Juneau, Alaska (KINY) - Sealaska Heritage Institute and educators with Juneau’s Tlingit, Culture, Language and Literacy program honored retiring Tlingit teacher Shgendootan George on Thursday.
George worked for 22 years in service to Native students.
The TCLL team presented her with a copper tináa made by Tlingit artist Donald Gregory during a small, socially-distanced event at the totem pole at Sandy Beach.
“We have been honored and privileged to have an educator of Shgen’s caliber teaching our Native students through the TCLL program for so many years, said SHI President Rosita Worl.
“She is the epitome of the type of teacher we hope to see in public schools, and she will be sorely missed.”
Throughout her career, George taught in Angoon, Japan and in Juneau, where she worked for 15 years through the TCLL program. Her colleagues called her “irreplaceable” and her gift for teaching “unique.”
“When I first started working in TCLL, I was awe-struck with the ways in which Ms. Shgen approached teaching,” said colleague Josh Jackson. “She didn't teach to integrate the culture into the standards being taught, she integrated the standards into the culture.”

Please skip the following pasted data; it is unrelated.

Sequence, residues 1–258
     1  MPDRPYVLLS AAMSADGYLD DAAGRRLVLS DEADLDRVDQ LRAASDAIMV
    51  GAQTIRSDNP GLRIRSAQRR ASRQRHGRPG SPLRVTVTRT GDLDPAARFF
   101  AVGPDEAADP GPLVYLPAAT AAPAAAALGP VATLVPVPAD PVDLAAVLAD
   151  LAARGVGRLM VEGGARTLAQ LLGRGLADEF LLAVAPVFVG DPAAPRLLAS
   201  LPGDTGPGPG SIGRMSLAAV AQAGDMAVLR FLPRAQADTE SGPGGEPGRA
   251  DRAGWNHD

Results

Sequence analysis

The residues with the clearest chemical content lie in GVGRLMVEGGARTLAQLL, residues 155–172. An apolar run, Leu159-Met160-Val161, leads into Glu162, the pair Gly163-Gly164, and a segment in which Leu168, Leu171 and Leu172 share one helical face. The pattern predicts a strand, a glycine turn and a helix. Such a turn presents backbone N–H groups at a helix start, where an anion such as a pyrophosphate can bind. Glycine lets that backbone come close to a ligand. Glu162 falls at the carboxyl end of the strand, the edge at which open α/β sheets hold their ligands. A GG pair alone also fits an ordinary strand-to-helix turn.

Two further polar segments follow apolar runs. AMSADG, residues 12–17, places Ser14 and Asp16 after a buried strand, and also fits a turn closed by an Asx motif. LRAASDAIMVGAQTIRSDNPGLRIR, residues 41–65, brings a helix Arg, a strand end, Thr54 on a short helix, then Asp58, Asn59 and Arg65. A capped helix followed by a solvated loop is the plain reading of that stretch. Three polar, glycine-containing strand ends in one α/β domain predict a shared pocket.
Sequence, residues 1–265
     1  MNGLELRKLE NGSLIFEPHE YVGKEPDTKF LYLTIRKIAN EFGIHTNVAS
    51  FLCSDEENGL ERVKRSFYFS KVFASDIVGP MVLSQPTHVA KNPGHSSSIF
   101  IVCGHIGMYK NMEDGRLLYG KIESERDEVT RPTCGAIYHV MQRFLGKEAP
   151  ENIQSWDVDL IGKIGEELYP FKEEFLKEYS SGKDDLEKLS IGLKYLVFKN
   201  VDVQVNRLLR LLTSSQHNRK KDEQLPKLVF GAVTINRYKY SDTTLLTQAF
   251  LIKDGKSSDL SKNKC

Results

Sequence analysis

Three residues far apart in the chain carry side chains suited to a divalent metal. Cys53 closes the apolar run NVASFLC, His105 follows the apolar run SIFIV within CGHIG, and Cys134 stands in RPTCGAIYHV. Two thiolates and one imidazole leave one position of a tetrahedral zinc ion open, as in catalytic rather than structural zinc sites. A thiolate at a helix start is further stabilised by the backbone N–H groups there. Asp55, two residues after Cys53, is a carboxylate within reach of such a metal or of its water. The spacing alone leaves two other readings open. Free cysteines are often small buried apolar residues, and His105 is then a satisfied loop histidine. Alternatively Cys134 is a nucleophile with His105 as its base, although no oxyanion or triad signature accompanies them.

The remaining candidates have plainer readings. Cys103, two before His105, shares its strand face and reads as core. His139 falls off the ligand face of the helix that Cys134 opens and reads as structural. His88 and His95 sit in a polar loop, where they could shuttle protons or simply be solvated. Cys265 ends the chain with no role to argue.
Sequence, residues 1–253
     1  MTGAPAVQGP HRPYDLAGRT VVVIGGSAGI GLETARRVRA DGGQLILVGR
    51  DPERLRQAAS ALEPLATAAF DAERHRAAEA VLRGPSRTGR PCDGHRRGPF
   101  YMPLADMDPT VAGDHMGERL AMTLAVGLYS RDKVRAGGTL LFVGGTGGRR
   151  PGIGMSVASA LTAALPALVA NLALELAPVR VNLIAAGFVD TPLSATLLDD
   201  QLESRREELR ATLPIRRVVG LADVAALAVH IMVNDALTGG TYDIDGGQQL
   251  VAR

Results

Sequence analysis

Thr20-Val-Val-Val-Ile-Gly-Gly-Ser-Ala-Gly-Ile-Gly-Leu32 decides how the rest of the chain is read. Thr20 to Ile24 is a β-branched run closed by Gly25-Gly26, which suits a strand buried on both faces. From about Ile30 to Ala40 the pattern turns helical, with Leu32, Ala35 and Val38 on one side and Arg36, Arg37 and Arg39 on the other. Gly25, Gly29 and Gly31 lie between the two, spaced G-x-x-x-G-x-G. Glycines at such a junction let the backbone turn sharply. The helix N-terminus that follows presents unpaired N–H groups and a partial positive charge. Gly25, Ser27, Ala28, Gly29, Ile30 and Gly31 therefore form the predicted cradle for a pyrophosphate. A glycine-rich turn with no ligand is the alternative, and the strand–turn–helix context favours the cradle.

“Shgen has always used her knowledge of teaching to engage learners through a lens that suits their needs better than a normal classroom environment,” said TCLL teacher Hans Chester. “This unique gift has facilitated and prompted many students to engage in our language and culture beyond graduation, in ways that a school system cannot measure.”
TCLL teacher Jessica Chester called George a leader and the “ultimate Tlingit auntie.”
“Shgen creates a special relationship with each child she works with. They feel connected to their ancestors through her lessons because she intertwines traditional knowledge and skills within all activities,” Chester said. “Shgen fights for Native students within a system that was made to assimilate. She deconstructs those systems and rebuilds them with traditional knowledge of clans, land, resources songs and language. What she does is powerful.”
In addition to her teaching career, George is a curriculum developer, an artist, and a trustee of SHI. The TCLL program is largely funded through SHI.